When I first began food preservation, I was very interested in applesauce and jam; they were both easy and familiar. I’d made applesauce back in high school, large pots of it, and froze it in “seal-a-meal” bags, laid in our small freezer like slabs of bacon. There were hundreds of recipes for jam; once I figured out the slight shift in bubble structure that indicated the perfect “jamming” temperature, I was off. Our shelves were lined with half pints of blackberry jam and pints of applesauce, followed by a foray into Dilly Beans. Life was good and I repeated the process the next year, adding home canned fruit—until we had a serious backlog of jam and pickled beans. Then I realized that we did not eat much jam and the canned fruit, except of peaches, was too sweet, unless we had an old batch of sour yogurt. And I was still buying dried fruit for work and backpacking trips. Something was off. I bought a cheap food drier and we have never looked back.
Drying fruit makes far more sense than canning.
First, it is fast and easy. I can slice up a pile of apples (peal still on) after dinner, laid them out in the drier, turn it on, and go to bed. If I set the timer to turn off in six hours, we have dried fruit in the morning. I toss it into my vintage Magic Mason jars, check it off of the master list, and put it on the basement shelf. Italian plums and figs require a little push and spread motion to expose more surface to the air, but, overall, drying fruit is a one step process.
Second, it is healthy. I gather my fruit at the peak of the season and process it directly, with no added sugars or preservatives. Much of it is organically grown, either by design, in my backyard, or neglect, when I harvest from the abandoned alley trees around the neighborhood. Drying preserves all of the fiber, most of the nutrients, and all of the flavor. Mixed bags of dried fruit are our favorite winter snack; we both keep a stash in our desk drawers.
Dried fruit is tasty. We have all purchased pieces of fruit from the grocery store that are well traveled and know the consequences. Despite the fancy label, an apple in March often tastes dry and mealy and an orange is often a disappointment. A piece of dried fruit, however, is always good. Peaches and pears are sweet and flavorful throughout the winter when dried. Over the last few years, we have moved almost totally away from buying “fresh” fruit out of season, because of the dried fruit stash in the basement. Why bother?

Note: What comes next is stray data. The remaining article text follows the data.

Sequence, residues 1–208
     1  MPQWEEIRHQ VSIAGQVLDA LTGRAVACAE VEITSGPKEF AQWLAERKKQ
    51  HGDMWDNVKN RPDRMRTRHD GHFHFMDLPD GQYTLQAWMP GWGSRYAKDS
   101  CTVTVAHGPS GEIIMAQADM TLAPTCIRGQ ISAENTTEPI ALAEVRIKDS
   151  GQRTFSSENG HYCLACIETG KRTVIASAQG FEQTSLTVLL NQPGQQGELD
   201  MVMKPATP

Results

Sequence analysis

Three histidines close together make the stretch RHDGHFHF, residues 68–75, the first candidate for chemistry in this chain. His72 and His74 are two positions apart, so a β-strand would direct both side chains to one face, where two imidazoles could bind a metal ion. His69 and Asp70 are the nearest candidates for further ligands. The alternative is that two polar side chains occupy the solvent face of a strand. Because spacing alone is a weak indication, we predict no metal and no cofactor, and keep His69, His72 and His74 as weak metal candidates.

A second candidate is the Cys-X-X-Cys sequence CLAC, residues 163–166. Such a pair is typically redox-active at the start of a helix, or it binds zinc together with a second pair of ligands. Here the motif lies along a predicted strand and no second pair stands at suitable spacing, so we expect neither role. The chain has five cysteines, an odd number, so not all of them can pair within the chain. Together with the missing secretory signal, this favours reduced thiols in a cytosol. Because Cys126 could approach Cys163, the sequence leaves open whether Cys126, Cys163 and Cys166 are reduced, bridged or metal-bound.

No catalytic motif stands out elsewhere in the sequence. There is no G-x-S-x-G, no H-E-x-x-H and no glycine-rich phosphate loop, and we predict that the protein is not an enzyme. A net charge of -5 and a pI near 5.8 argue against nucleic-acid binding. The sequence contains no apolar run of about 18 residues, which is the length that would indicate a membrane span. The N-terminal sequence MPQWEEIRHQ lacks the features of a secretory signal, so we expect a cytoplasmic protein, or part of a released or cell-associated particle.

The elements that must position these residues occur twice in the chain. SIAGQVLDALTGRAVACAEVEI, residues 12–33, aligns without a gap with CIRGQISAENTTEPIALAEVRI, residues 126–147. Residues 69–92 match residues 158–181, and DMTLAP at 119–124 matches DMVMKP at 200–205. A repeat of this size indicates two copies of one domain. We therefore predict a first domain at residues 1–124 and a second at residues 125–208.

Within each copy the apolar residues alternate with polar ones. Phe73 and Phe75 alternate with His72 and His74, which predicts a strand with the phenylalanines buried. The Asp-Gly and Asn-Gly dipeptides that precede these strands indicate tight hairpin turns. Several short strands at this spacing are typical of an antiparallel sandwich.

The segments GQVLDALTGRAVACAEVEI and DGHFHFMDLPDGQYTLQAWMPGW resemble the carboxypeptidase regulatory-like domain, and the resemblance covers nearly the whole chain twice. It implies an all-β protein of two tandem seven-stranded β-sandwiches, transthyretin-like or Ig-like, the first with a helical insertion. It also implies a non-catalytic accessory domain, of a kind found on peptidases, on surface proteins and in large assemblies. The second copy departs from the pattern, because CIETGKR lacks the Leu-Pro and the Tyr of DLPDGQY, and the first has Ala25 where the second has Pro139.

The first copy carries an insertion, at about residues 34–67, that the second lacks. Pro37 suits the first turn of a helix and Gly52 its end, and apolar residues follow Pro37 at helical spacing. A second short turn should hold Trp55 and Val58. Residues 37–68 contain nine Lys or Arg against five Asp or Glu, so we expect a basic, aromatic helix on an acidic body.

Finally, dried fruit is flexible, unlike canned fruit. It travels well, so we take it backpacking and camping, as well as to work. We eat jars of dried fruit out of hand all winter long. When we long for “fleshy” fruit, I make compotes, mixing several types together with some warm juice to plump it up. I also toss handfuls into oatmeal and granola, muffins and scones, and pasta sauces.
When I first started drying, several friends asked about the carbon footprint of running the drier all day, and, it is true that our electric bill goes up in August. Wouldn’t it be more energy efficient to purchase the fruit that was dried commercially? Although I have not done any calculations, I am not convinced this is so. The fruit I dry travels less than five miles to my house, always on bike or foot. It is often raised without any summer water; it is not sprayed with chemicals. This reduces the carbon footprint considerably. Then, it is not shipped from the factory to the store, then to my home. We have also totally eliminated packaging. Finally, unlike canning, the jars and lids can be used over and over again. I have some lids with six or seven years of notes on them! When I consider all of these factors, I am not concerned about my drier. And, yes, I am interested in a solar drier, although I wonder if it would work given the dropping light levels and cool nights that come around at the peak of drying season.
If I were beginning food preservation again, I would start with a drier, not a canner. I use my steam canner all summer long, processing pickles and roasted tomatoes, as well as canned peaches, applesauce, and grape juice. But the drier processes the most important foods we put up for the winter—all of our foraged fruits.
Lemon Icebox Pie: the perfect pie for a 98 degree day
8 oz cream cheese
1 can sweetened condensed milk
zest and juice of three lemons
Toss it all into the food processor and whirl until smooth. Pour into a graham cracker crust and set in the refrigerator overnight. Top with whipped cream.